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Angela
07-04-16, 18:54
This is a new paper from the Genetics Department at Harvard. Reich and Moorjani are authors.

The promise of disease gene 5 discovery in South Asia

http://biorxiv.org/content/biorxiv/early/2016/04/06/047035.full.pdf

This shouldn't be a surprise to anyone. All this inbreeding based on religion, language, caste groups, has consequences.

"It is tempting to think of the more than 1.5 billion people who live in South Asia as one large ethnic group, but in fact, South Asia is better viewed as comprised of very many small endogamous groups that usually marry within their own group (caste or tribe). To perform a high resolution assessment of South Asian demography, we assembled genome-wide data from over 2,000 individuals from over 250 distinct South Asian groups, more than tripling the number of diverse India groups for which such data are available, and including tribe and caste groups sampled from every state in India. We document shared ancestry across groups that correlates with geography, 37 language, and caste affiliation, and characterize the strength of the founder events that gave rise to many of these groups. Over a third of the groups— including eighteen with census sizes of more than a million—descend from founder events stronger than those in Ashkenazi Jews and Finns, both of which have high rates of recessive disease due to their histories of strong 42 founder events.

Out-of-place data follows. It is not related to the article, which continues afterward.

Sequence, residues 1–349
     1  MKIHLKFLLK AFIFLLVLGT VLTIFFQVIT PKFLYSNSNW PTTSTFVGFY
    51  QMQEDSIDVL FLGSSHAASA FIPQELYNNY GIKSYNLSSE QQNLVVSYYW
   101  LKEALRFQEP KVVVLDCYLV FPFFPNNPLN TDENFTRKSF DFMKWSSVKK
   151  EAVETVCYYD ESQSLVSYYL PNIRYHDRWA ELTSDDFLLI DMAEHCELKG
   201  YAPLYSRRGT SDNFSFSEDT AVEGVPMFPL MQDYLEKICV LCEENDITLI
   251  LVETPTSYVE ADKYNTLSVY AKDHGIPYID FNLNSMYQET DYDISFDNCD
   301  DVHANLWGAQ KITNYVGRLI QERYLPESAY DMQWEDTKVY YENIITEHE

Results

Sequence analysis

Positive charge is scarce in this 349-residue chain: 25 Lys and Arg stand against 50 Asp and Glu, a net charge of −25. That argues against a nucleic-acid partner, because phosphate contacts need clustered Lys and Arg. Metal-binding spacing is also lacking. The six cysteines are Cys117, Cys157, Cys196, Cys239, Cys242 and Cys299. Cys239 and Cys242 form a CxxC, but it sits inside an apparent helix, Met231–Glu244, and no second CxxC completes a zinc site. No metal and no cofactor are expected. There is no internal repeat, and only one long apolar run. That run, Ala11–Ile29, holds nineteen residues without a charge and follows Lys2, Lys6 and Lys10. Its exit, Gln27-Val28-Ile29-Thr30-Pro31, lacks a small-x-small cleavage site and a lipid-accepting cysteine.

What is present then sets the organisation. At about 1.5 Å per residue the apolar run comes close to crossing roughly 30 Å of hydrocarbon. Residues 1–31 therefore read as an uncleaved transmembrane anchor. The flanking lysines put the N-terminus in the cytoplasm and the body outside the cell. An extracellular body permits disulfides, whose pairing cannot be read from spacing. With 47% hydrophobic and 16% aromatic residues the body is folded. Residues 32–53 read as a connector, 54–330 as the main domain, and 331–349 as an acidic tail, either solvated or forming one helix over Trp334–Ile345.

They discuss the programs set up by Orthodox Jews in the U.S. and Israel who use the services of matchmakers where people get genetic testing and go on a registry. It's supposedly confidential. The matchmakers don't suggest, or advise against, matches where both people carry the recessive disease gene. I think the euphemism is "incompatibility".

I know Jews who get the test done on their own, and get their proposed partners to get it done as well.

I can't see this as a solution for the millions upon millions of poor people in India.

It would make sense to me to just get rid of these outmoded micro-divisions among people. It's not just about avoiding major diseases. Isn't there a benefit to just more genetic diversity? Well, that's my two cents anyway, but people cling to these traditions, and I'm sure will continue to do so for the foreseeable future.

bicicleur
07-04-16, 20:00
there is a place in the Netherlands with some genetically induced diseases
it is called Urk, and it used to be an island with fishermen

if there rises allready a problem for these cases, what problems must there have been for the small HG tribes in low-density areas?
no wonder they went looking for a spouse far away, as sometimes can be proven by strontium-isotope analysis

when I was younger, an Icelandic business relation advised me to come and visit Icealnd as young women there would prefer non-indogenous men
alas, I never got the occasion to find out